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Ho To Lecture on HIV-1 Replication
Internationally recognized HIV/AIDS researcher and Presidential Medal recipient Dr. David D. Ho will present the James C. Hill Memorial Lecture at NIH on Tuesday, May 20. His talk, titled "The Dynamics of HIV-1 Replication In Vivo," will begin at 2 p.m. in Lipsett Amphitheater, Bldg. 10.
Ho is the founding scientific director and chief executive officer of the Aaron Diamond AIDS Research Center, a world-renowned biomedical research institute. He is also the Irene Diamond professor at the Rockefeller University.
He received his B.S. from the California Institute of Technology and his M.D. from Harvard Medical School. Subsequently, he did his clinical training in internal medicine and infectious diseases at the University of California at Los Angeles School of Medicine and also at Massachusetts General Hospital.
In recognition of his scientific accomplishments, Ho has received numerous honors and awards. In 2001, he received a Presidential Medal. He has also received six honorary doctorates including from Swarthmore, Tufts, Columbia and the University of Natal. He has been chosen as the commencement speaker at Caltech, MIT and Harvard School of Public Health. Additional accolades include the Ernst Jung Prize in Medicine, the Squibb Award, the Hoechst Marion Roussel Award and the Mayor's Award for Excellence in Science & Technology from the New York Academy of Sciences. He is a member of the American Academy of Arts and Sciences, Academia Sinica (Republic of China), and the Institute of Medicine, National Academy of Sciences.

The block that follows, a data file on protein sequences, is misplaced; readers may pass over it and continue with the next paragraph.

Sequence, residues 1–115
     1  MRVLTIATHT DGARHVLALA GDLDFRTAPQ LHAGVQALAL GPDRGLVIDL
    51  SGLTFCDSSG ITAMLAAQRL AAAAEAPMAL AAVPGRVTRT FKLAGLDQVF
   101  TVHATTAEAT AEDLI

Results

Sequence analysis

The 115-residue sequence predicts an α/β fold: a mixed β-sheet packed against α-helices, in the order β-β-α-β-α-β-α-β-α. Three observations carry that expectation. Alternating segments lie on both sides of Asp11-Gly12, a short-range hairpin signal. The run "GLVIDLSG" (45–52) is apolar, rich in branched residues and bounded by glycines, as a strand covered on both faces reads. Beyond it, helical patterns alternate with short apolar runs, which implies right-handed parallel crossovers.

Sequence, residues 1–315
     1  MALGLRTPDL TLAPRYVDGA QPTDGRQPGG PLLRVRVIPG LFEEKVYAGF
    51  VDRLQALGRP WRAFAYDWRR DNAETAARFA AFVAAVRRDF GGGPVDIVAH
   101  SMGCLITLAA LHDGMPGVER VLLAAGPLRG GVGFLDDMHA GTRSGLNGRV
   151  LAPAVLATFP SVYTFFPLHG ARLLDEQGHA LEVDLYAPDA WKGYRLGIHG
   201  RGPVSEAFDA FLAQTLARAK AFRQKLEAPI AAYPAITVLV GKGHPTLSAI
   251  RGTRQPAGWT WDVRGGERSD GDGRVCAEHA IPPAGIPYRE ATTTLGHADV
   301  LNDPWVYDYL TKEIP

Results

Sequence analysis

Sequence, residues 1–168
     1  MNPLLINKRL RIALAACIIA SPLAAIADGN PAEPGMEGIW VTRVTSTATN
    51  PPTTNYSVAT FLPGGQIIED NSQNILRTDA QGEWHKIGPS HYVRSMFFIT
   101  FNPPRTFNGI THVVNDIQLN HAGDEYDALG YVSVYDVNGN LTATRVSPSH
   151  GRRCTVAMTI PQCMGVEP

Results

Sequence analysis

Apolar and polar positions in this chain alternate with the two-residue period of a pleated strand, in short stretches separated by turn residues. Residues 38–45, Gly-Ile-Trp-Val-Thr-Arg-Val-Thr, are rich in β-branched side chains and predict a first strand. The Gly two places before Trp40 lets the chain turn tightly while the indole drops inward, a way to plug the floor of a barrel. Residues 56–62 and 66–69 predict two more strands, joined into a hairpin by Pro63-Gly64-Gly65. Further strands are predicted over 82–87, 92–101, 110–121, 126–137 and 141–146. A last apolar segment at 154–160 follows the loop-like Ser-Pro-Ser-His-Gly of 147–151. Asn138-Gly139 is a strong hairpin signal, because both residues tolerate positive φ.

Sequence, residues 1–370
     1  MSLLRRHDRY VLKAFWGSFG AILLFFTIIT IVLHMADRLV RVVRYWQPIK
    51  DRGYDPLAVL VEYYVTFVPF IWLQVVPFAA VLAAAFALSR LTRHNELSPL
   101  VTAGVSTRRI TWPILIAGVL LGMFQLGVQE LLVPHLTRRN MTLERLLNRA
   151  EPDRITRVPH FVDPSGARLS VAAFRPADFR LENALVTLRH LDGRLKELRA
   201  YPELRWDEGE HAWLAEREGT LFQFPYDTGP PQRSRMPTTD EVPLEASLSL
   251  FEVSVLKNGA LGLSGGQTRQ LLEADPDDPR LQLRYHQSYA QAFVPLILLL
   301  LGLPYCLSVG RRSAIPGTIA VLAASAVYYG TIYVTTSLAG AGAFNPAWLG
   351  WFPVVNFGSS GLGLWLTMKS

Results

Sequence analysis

Named Time magazine's Man of the Year in 1996, Ho is also an honorary professor at both Peking Union Medical College and Chinese Academy of Medical Sciences. Currently, he serves on the board of overseers of Harvard University and board of trustees of the California Institute of Technology.
The NIAID-sponsored lecture is dedicated to the memory of Dr. James C. Hill who, as NIAID deputy director, played an important role in the early years of the AIDS epidemic. Hill worked closely and tirelessly with institute staff and was a cohesive force in NIAID's relations with other government agencies, Congress, activists and other community and political leaders.
A reception will follow the lecture, and all are invited to attend.
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